Nigeria’s Weak Response To African Free Trade
Nigeria News takes a look at the way the Federal Government is handling the African Continental Free Trade Agreement, AfCFTA.
A few days ago, there was a conference on Nigeria’s foreign policy. Very sadly, it did not get to the heart of the matter as would have been expected. And our foreign policy projections today remain very weak.
There is no better exposure of this challenge than the tardy way we continue to respond to the African Continental Free Trade Agreement, AfCFTA. For a country that is the ‘natural African leader,’ it is most depressing that about the single most important pan-Africanist aspiration on the continent since the formation of the OAU (now AU) in 1963 and the accelerated drive for the decolonisation of the continent (spanning the 1970s through the 1990s) is being so shabbily treated.
Even more galling is the fact that not only were these two developments carried out with very active Nigerian inputs, even the blueprint for the current AfCFTA move is traceable to the founding (with heavy Nigerian input) of ECOWAS as about the first post-colonial African Regional Economic Community in the 1970s, the Lagos Plan of Action of 1980, the 1991 Abuja Treaty, and the coming into force of the African Economic Community, AEC.
Today, the AfCFTA train is moving on very swiftly and Nigeria lags. 49 of the continent’s 55 states have signed up, 18 have ratified and AfCFTA will kick off in the next few days, with or without Nigeria!
And as a further testament of the depth of the hole that we have presently dug ourselves into, 9 of the 16 states of West Africa have not only ratified the agreement, our own sub-region by contributing half of the ratifications so far secured, has established its position as the leading driver of the AfCFTA process. All without its own ‘big brother’ that accounts for some 70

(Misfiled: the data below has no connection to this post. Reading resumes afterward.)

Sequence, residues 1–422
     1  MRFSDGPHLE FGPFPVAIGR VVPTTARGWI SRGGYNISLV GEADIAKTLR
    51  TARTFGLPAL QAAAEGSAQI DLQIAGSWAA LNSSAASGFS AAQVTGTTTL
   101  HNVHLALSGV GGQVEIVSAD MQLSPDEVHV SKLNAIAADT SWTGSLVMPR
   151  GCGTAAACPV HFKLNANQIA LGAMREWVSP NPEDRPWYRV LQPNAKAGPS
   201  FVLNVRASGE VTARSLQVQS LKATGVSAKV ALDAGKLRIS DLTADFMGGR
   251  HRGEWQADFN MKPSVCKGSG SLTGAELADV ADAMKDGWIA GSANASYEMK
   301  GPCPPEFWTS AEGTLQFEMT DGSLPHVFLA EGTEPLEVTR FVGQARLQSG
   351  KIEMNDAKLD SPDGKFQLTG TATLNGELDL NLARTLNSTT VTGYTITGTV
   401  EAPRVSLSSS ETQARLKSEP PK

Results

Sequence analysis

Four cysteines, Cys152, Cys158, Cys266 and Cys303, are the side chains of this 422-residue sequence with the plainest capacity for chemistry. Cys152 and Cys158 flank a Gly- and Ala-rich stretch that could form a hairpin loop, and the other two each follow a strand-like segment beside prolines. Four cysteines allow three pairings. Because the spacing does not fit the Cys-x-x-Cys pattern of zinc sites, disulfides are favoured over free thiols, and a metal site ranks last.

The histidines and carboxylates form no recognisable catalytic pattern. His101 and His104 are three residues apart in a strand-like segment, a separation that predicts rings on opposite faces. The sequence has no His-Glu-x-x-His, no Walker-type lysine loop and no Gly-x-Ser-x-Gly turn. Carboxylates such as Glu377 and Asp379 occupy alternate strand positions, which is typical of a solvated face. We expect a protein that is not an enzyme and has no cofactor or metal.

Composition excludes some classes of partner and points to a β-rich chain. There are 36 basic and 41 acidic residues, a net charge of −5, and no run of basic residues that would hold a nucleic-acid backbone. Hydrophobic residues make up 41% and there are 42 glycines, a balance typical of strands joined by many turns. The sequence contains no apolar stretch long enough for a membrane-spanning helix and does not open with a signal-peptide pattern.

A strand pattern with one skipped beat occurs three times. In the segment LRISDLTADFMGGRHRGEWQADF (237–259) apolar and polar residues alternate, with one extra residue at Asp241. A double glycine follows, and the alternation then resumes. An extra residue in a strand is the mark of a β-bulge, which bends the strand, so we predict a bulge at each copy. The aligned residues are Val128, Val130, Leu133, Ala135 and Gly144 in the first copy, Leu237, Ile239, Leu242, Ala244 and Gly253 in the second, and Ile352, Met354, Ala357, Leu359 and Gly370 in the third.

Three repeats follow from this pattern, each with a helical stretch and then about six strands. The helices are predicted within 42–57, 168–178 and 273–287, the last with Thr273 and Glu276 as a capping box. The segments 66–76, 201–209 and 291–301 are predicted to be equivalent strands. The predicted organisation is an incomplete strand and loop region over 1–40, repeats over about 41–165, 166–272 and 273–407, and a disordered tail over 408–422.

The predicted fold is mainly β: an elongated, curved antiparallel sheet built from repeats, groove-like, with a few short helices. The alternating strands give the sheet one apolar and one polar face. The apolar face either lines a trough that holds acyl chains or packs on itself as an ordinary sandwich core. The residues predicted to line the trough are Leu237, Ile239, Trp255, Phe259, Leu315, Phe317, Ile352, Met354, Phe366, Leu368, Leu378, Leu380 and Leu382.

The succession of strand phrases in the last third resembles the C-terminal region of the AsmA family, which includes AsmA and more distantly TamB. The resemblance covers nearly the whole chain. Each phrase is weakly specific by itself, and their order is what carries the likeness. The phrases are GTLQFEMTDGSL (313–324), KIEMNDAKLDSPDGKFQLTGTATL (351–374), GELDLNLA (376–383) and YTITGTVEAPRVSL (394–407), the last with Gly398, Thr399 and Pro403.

This is a monumental travesty that has to be corrected now! This is one of the foreign policies that the present administration has failed to key into. In a way, this has drastically affected the foreign direct investment in the country, even at a time the government is making effort to build infrastructure.
AfCFTA, if allowed by the government would have not only improved the bilateral relationship of Nigeria with many other African countries, it would have aided President Muhammadu Buhari’s economic diversification agenda.
Nigeria is redirecting its economy to agriculture. The country will need its African neighbouring countries whose main source of income is through agriculture to develop this sector.
Of course, the export of developed farming system is welcome, the Federal Government should realise that Africa, despite large expanse of land still remains the major market for agricultural produce.
None of the big political parties, that is the ruling All Progressives Congress and the Peoples Democratic Party have said anything on AfCFTA since they began their campaigns.
On Tuesday, the PDP presidential candidate, Alhaji Atiku Abubakar said that he would make Lagos the economic capital of Africa if voted in. This is a welcome development if only it would translate into signing into AfCFTA.